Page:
by Guy Evans

Social Media officer at Birmingham City Council

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Telford & Wrekin Council and bloggers from Lightmoor Live and Telford Live

Live cloud, Telford

Bingo cards, bloggers and basic web technology have helped hundreds of residents see what happens at Telford & Wrekin Council meetings.

Hundreds of people have been following proceedings at Full Council by following live streaming feeds they can log onto. Scores more catch-up with the recordings too.

The initiative has seen a massive surge in people following what is going on.

But the scheme itself was dreamt up by residents themselves and works with the help of the council.

How did it start? When resident Jake was watching the Parliament TV channel and posted on Twitter about how this may work online for the council where he lives.

Mark from the Lightmoor Live blog which serves the village and Jake were then approached by Nigel Newman in the Telford & Wrekin comms team, who had picked up on the tweet, to see how the council could help to make the idea happen. The Council had recently revised its policies to allow public filming recording at its meetings.

Once this was approved Jake helped by Mark used an iPhone on a tripod and the bambuser app to stream proceedings.

An online viewer of that meeting Jon contacted Jake and Mark via twitter wishing to help and brought in the idea of using a Google hangout to broadcast the second meeting. Sound quality was improved at a third meeting by plugging into the in-house audio with a Google hangout used linked to YouTube to allow people to follow better quality images.

The Council’s team was on hand to help guide the bloggers through the meeting, explaining who’s who to support captions when councillors spoke and other intricacies of council meetings.

 by Russell Griffin,


Telford and Wrekin Borough Council

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How a social care scheme can benefit from social media?

Making it Real in Dudley is a partnership involving a range of statutory, voluntary commercial and community organisations. At the heart of making it real are the I statements that we’re written by people who use care and support services and carers to describe their aspirations for social care. The thinking behind out communications strategy is simple,

A. Transparency is king, all plans, board papers, highlight reports and performance data should be available to any interested party.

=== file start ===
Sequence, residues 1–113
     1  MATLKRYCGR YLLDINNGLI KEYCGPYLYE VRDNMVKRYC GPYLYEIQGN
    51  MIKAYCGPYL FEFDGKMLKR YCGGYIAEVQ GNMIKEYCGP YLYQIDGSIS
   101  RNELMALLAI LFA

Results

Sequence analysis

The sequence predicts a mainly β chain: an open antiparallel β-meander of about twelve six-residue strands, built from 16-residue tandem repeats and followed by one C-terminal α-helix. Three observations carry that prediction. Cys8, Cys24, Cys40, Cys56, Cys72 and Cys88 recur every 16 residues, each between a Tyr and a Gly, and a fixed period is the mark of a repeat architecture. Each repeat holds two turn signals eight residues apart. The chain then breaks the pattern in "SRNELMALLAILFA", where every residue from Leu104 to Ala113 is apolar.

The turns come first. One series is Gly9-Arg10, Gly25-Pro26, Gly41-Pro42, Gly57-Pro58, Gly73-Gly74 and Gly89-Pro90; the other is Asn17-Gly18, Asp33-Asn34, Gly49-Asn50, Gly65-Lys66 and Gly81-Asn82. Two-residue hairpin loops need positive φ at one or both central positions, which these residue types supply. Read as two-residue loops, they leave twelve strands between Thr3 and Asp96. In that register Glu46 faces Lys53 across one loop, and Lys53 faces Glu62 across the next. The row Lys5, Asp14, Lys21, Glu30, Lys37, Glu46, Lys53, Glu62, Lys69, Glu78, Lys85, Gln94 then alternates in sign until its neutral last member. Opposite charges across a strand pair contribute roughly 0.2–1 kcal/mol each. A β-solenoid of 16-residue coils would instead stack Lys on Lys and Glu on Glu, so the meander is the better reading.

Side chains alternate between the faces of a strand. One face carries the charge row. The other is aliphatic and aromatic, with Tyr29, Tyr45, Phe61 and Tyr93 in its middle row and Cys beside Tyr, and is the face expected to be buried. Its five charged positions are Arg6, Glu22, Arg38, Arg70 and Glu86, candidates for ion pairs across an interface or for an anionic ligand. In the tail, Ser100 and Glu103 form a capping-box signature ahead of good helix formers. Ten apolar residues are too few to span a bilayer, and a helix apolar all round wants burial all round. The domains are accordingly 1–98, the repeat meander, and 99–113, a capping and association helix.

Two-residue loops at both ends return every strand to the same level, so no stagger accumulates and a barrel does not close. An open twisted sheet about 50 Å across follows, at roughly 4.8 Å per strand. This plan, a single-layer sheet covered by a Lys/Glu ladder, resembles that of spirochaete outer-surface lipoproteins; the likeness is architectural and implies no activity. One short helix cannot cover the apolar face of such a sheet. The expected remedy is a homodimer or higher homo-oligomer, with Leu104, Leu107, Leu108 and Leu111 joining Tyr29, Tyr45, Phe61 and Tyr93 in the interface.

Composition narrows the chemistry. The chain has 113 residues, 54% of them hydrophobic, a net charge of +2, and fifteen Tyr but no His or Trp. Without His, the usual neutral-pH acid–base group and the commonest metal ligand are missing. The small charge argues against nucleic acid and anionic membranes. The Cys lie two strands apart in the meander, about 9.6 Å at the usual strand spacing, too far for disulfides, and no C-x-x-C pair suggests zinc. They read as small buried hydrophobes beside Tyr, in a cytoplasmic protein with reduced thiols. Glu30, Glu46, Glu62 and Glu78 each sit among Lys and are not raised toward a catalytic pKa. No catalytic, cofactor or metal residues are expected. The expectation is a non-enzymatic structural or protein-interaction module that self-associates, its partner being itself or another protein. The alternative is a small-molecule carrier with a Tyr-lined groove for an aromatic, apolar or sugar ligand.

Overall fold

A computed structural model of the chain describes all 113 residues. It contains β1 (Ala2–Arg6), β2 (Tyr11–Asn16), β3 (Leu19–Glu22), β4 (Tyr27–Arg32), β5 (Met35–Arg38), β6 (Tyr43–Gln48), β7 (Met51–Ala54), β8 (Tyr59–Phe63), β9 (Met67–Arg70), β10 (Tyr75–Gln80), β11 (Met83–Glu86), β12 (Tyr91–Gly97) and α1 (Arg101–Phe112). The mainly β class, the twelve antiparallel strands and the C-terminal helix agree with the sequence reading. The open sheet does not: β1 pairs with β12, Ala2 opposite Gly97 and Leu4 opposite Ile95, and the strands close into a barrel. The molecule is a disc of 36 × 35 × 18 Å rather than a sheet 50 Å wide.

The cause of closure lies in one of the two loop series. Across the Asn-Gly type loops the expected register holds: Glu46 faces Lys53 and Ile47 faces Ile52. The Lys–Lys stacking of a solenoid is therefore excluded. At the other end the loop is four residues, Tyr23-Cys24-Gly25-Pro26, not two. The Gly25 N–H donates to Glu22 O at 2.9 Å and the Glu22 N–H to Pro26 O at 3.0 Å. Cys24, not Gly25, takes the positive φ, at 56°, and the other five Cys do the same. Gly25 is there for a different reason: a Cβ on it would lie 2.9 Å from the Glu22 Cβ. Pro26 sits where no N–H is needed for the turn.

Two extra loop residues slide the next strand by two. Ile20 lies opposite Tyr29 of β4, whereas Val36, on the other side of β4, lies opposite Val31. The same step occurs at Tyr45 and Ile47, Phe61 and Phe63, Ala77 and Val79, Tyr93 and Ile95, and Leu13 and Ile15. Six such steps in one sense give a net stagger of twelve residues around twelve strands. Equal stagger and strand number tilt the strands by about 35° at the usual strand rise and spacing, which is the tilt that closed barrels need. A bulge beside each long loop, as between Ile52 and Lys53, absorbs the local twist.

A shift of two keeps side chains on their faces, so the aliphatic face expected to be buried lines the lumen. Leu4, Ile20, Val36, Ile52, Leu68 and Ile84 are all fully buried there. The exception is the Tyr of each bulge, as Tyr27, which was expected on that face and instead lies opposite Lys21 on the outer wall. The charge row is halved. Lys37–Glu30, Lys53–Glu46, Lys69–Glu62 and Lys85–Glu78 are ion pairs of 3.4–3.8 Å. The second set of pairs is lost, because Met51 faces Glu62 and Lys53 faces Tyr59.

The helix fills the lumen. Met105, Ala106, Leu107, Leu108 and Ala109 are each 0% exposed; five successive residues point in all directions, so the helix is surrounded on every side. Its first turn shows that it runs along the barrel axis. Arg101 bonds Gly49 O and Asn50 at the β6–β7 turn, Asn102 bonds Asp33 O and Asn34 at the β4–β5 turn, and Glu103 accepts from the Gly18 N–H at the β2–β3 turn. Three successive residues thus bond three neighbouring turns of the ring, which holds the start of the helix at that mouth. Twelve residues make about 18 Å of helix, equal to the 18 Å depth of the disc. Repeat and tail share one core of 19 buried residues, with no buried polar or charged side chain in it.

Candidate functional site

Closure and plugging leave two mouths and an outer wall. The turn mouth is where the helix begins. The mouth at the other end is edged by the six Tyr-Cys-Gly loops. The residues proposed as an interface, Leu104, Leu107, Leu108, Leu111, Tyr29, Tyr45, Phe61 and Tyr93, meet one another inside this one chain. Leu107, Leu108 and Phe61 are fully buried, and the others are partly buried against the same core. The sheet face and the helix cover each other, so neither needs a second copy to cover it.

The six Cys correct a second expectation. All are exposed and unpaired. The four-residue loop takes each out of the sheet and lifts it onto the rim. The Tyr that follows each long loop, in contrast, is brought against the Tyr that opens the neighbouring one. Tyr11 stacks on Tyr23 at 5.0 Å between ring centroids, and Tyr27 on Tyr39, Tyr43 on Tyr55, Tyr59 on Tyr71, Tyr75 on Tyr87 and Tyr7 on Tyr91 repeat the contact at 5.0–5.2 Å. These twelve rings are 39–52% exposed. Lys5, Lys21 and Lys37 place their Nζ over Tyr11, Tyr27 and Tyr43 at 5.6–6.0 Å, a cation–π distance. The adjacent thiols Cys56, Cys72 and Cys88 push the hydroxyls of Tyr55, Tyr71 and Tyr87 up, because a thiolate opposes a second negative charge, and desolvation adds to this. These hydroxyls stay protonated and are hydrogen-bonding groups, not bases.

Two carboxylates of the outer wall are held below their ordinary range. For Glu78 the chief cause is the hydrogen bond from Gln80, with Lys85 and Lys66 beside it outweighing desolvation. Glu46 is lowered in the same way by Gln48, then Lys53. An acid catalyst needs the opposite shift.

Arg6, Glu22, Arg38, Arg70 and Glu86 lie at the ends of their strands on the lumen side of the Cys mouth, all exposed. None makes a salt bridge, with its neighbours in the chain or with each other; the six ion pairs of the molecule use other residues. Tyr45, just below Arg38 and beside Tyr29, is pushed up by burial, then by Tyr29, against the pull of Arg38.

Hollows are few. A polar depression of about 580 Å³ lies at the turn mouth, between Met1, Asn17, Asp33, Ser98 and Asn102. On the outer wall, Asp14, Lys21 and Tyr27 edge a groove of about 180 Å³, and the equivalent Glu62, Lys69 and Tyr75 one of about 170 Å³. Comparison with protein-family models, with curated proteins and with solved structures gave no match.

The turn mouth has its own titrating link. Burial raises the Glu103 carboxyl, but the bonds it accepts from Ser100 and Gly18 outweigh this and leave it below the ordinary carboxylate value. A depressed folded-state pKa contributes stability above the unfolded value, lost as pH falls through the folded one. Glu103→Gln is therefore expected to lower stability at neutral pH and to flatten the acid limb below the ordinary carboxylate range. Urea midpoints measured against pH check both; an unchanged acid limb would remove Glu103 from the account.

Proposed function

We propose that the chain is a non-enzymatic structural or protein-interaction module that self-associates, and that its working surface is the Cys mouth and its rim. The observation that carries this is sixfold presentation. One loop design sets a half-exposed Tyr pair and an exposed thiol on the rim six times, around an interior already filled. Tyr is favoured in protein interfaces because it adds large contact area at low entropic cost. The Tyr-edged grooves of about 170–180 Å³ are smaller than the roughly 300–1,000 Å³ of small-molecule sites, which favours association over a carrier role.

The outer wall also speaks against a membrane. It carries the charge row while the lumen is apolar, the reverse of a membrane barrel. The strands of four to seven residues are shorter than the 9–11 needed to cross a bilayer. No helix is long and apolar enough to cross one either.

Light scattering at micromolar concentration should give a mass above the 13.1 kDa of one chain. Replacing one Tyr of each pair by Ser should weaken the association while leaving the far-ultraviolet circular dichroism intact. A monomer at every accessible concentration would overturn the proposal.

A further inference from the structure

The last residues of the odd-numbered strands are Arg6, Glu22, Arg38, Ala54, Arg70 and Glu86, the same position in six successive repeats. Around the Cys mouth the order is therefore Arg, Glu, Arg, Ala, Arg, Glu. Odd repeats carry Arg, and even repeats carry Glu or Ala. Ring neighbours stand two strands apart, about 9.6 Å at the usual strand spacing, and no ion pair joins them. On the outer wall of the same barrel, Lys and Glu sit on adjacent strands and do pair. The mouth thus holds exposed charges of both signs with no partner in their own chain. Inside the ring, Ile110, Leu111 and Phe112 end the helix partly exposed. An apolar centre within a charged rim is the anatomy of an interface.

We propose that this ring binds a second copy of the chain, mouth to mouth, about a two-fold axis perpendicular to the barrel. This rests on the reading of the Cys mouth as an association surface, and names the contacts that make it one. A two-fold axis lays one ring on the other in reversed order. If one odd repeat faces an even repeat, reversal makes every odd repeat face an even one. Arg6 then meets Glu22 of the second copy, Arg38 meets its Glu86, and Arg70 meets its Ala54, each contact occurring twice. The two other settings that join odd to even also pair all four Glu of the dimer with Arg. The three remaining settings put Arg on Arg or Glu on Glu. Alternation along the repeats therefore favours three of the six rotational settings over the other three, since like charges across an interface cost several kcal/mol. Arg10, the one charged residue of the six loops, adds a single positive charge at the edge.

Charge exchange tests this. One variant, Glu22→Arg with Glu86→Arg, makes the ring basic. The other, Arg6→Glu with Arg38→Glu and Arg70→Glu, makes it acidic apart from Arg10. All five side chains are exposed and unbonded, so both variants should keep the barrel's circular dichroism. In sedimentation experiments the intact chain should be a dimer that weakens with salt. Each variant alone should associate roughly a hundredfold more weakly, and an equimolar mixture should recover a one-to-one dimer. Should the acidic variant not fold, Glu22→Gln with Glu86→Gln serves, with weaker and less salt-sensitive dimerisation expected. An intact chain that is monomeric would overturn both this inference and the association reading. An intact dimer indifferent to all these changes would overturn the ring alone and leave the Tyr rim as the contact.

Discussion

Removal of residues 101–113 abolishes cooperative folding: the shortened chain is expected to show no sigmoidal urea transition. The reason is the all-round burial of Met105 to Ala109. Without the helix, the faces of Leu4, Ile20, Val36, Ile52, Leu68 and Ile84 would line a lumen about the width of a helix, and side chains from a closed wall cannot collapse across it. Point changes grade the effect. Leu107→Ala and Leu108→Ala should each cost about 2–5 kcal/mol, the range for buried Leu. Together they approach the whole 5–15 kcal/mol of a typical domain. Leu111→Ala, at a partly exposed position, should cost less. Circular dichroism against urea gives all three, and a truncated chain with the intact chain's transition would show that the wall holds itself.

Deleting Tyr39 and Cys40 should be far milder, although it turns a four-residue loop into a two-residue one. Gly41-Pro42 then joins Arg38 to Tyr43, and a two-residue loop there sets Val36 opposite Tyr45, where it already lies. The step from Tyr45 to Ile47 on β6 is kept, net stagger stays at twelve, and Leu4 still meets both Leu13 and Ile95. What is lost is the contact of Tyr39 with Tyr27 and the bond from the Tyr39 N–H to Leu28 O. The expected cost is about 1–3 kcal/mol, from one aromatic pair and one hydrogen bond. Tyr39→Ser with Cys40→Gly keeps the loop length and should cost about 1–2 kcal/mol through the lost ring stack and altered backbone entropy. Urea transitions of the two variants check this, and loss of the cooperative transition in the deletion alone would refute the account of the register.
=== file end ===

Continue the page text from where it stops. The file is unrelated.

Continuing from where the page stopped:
B. In order to ensure Making it Real reflects the needs of local people their should be clear means for people to engage express an opinion, shape activity and find out what’s going on.

Both of the above points were the inspiration for

The website includes a bespoke twitter feed @mirdudley. All the documentation above and a series of blogs and presentations are available to anyone through these channels.

Given the communication needs of our audience are as diverse as the 312000 people of the borough we also use more traditional methods such as paper newsletters, phone surveys, workshops, road shows and surgeries. Most of which are accessible via the events tab on site.

In a short space of time 177 people have followed @mirdudley, several hundreds of people have attended recent road shows and surgeries.

These conversations whether virtual or in person are all contributing to our understanding of what works and inspiring a culture of you said, we did.

by Stuart Lackenby

Programme Lead for Quality and Commissioning at Dudley Council.

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Why hyperlocal blogs are important for local government?

Here’s an understatement if ever there was one: the media landscape in Britain has been undergoing a bit of a seismic shift this last few years.

Web 2.0 and the explosion in smartphone and mobile technology means people are accessing news and information in a myriad of new ways. And this technological revolution has seen more and more people creating their own content too.

Tools like Twitter, Audioboo, Facebook and YouTube, and blogging platforms such as WordPress, mean it’s never been easier for citizens to publish their own information – and to reach sizeable audiences.

Market stall, Stone, Staffordshire

The growth of ‘hyperlocal blogs’ – local websites that focus on a particular city, town, village or other defined geographical area – has gone hand in hand with this technological revolution – and the decline of the traditional print media.

There are hundreds of hyperlocal sites of all shapes, sizes and motivations all over the country – take a look at Dave Harte from Birmingham City University calculated in April 2012 that UK hyperlocal sites were publishing content once every two minutes (

Like many things digital, the West Midlands has a thriving hyperlocal scene. Sites like B31 Voices, Digbeth Is Good, WV11, Lichfield Live, Connect Cannock and many more are providing news and information to their readers and building large communities of interest. In fact, Birmingham has 28 hyperlocal sites, more than any other council area in the UK.

There are many ways in which local government should be engaging with hyperlocal media and tapping into its growing and engaged audience.

Here’s just one reason why it could be well worth its while.

Nesta’s Destination Local report this year into the demand for hyperlocal media in the UK found that 56% of people who use hyperlocal sites feel more informed about their local area.